What was happening here was, the senators and staff who wrote this language were just trying to put something together that would get 60 votes, so that they could go to conference with the House. To get 60 votes, they needed to create the expectation that states would be running the exchanges. That was crucial to get to 60 votes.
It seems perfectly reasonable to me that some senators or staffers would then say, "Well, we'll offer the subsidies only in exchanges established by the state. That will create the necessary incentive for states to do it." And there are lots of reasons why they wouldn’t even discuss it. They may have believed it’s not worth mentioning because all states would establish exchanges even without the incentive. Or it’s not worth mentioning because they figured this provision isn’t going survive conference.
Would you also agree that at the time, everybody thought that states were going to implement the law? That everyone thought states were going to establish exchanges?
Sarah Kliff: This is something I’m curious to hear your take on. I think there was always the thought that maybe one or two states could screw up and not be ready to open their exchanges in time. Or you might have a state like Texas, where the legislature only meets every other year, and they couldn’t get it authorized in time. Under your reading of what Congress meant to do, was the plan to punish a state that like that by barring subsidies? That’s really hard for me to see, and goes back to my initial point about Congress always expecting all states to have subsidies.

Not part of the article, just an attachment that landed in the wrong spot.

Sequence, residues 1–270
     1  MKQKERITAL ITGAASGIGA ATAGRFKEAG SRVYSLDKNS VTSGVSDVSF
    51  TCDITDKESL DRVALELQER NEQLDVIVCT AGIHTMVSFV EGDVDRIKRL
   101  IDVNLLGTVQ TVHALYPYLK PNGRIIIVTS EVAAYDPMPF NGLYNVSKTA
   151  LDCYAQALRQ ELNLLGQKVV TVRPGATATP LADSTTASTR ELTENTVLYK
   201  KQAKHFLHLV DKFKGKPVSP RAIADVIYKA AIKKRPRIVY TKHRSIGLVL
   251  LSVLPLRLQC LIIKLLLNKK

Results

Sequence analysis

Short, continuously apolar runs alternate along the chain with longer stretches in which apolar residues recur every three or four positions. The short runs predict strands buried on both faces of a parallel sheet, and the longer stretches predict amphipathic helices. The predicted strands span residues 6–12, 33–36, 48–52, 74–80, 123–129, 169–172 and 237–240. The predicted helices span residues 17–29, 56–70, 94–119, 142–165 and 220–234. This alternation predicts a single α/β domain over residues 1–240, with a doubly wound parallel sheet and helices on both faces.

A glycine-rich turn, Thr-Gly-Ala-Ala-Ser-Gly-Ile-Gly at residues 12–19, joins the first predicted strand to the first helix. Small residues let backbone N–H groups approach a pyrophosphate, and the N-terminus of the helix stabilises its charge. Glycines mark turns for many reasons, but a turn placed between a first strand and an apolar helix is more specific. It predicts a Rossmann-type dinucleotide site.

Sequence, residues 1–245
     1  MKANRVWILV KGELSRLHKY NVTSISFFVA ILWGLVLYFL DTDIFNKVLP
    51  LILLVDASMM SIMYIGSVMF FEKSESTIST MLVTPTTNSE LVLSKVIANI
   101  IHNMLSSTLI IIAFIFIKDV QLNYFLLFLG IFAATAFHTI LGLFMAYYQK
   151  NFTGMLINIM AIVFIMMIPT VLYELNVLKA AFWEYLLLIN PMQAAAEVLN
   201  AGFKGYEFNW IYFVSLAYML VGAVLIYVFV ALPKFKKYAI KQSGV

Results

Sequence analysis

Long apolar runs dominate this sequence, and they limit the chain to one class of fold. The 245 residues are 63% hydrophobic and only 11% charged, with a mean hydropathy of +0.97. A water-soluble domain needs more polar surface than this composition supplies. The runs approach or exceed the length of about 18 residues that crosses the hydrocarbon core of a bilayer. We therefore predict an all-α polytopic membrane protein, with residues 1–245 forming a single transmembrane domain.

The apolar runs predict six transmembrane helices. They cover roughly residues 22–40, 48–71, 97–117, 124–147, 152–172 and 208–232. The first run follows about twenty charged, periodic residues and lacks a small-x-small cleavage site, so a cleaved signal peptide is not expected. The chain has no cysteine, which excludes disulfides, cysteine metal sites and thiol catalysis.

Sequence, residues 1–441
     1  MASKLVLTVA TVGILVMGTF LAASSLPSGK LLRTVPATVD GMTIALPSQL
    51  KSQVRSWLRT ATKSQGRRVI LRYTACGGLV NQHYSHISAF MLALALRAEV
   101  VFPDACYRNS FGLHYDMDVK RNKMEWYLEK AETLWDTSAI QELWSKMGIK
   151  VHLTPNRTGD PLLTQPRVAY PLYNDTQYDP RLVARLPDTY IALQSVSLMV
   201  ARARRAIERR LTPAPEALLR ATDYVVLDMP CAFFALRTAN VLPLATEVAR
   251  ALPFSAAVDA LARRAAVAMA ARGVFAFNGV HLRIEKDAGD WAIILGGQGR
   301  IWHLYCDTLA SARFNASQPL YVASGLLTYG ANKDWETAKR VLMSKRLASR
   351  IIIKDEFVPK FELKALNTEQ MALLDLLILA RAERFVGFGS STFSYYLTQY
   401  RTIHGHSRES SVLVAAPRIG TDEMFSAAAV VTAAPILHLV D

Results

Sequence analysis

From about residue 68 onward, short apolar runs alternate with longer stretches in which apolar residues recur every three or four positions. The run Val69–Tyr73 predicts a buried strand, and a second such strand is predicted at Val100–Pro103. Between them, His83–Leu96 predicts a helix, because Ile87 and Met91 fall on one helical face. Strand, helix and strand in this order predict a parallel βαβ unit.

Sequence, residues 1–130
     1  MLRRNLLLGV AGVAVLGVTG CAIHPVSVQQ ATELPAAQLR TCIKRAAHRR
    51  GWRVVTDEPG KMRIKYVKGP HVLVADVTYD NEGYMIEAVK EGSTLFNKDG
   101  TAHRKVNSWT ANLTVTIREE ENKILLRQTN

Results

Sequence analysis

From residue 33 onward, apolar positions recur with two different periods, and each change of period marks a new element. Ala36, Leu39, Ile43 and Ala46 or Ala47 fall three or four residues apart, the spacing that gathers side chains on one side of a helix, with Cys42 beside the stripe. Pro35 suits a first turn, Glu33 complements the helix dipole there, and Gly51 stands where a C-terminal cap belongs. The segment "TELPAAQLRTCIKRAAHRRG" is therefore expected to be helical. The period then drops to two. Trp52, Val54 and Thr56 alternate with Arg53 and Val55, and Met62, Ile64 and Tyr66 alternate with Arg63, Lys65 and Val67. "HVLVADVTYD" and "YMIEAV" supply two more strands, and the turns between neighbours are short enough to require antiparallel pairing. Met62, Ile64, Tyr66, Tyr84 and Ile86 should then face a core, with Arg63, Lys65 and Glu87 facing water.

Michael Cannon: States had more than three years to establish exchanges. The strongest evidence we have that Congress expected all states to do so in that timeframe is that Congress provided zero funding for federal exchanges in the law.
It may have been the case that, if this legislation had gone to conference, someone would have objected to the conditional nature of the Senate bill’s Exchange subsidies. That someone would have said, "This would knock out one leg of the three-legged stool! Did you pay attention to those town hall meetings in August? We can't let the Tea Party grab onto this because they'll blow up the whole thing! We have to change that!"
But that didn't happen. When Scott Brown won, Democrats only had one bill they could get through Congress. That’s how this provision became law.